Visioneer: The Story of Peter Diamandis
Behind the $10 Million Space Travel X Prize

Visioneer: The Story of Peter Diamandis - Behind the $10 Million Space Travel X Prize
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Asteroid: Doomsday or Payday?
Part of the Series: NOVA
The asteroid that exploded over Siberia--injuring more than 1,000 and damaging buildings in six cities--was a shocking reminder that Earth is a target in a cosmic shooting range. From the width of a football field to the size of a small city, these space rocks have the potential to be…
Star Catalogs from around the World
The genius of Greek astronomy is epitomized by the star catalogs of Hipparchus and Ptolemy. Professor Schaefer recounts his exciting discovery of a star chart apparently influenced by Hipparchus's lost catalog. Close by comparing Greek star catalogs with those of China and the Arab world.
How Ancient Astronomy Ended
Review the state of astronomy in 1500. Then chart the revolution sparked by Copernicus's heliocentric theory of the Sun and planets. Learn how Copernicus was the last of the ancient astronomers, succeeded by the founders of modern science, including Tycho, Kepler, and Galileo.
Ancient Astronomy and Modern Astrophysics
Finish the course by seeing how ancient records of eclipses and supernova explosions have refined our modern understanding of Earth-Moon dynamics and stellar processes - proving that today's cutting-edge astrophysicists owe a great debt to astronomers who watched the skies long ago.
The Remarkable Science of Ancient Astronomy
Taught by Professor Bradley Schaefer of Louisiana State University, this course shows how ancient Egyptians, Greeks, Indians, Chinese, and other cultures saw the sky. You learn how the Sun, Moon, and stars were their clock, calendar, and compass; constellations encoded their mythologies; and the heavens inspired religious and philosophical ideas,…
Stonehenge and Archaeoastronomy
Why were the motions of the Sun, Moon, and stars so important to ancient people? Investigate key astronomical directions noticed by all cultures. Then embark on your study of Stonehenge, seeing how it gave birth to the field of archaeoastronomy and to some very curious modern theories.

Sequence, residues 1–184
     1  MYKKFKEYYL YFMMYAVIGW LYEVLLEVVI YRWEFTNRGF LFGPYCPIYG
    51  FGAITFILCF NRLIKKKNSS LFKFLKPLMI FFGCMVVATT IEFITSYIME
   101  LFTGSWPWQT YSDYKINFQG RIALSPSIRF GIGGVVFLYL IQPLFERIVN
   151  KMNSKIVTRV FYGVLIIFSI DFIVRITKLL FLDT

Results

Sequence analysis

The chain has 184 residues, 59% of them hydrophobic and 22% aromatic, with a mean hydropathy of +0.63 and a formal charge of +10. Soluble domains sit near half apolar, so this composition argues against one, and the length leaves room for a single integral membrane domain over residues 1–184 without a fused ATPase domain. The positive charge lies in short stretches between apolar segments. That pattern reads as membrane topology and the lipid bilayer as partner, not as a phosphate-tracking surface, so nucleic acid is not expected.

The Real Stonehenge
In the popular mind, Stonehenge was built as a sophisticated astronomical calculator presided over by priestly astronomers called Druids. But is this view dating from the mid-1960s correct? Address the evidence, and survey the archaeological record to discover the most probable function of Stonehenge.
Alignments at Maes Howe and Newgrange
Explore Neolithic tombs and monuments across Europe, discovering an array of alignments toward astronomical events. Start with two sites that are similar to Stonehenge in their clear orientation to the winter solstice: Maes Howe in the Orkney Islands, and Newgrange in Ireland.
Astronomy of Egypt's Great Pyramid
Study the astronomical significance of Egypt's Great Pyramid. How did its builders achieve such phenomenal accuracy in the pyramid's alignment to the cardinal directions? Were its air shafts intended to point at stars of special importance? Also evaluate modern claims for the mystical power of pyramids.
Chaco Canyon and Anasazi Astronomy
Travel to Chaco Canyon, New Mexico, where the Anasazi culture practiced sky-centered rituals a thousand years ago. Look for evidence of their astronomical knowledge, examine their many "sun daggers," and probe the controversial pictograph thought to depict the Crab Nebula supernova explosion in 1054 AD.
Ancient Cosmologies and Worldviews
Consider the astronomy-based world views of different ancient cultures and how they answered the three big questions: Where did the world come from? What is the nature of the universe? What is its fate? Survey the beliefs of the Greeks, Chinese, Australian aborigines, and other groups, seeking common elements.
Meteorite Worship and Start of the Iron Age
Witnessing a meteor fall must have been a strange and awe-inspiring experience for people long ago. Travel around the world to places where meteorites were worshiped and also used as a source of iron, which was rarer than gold before the smelting technology of the Iron Age.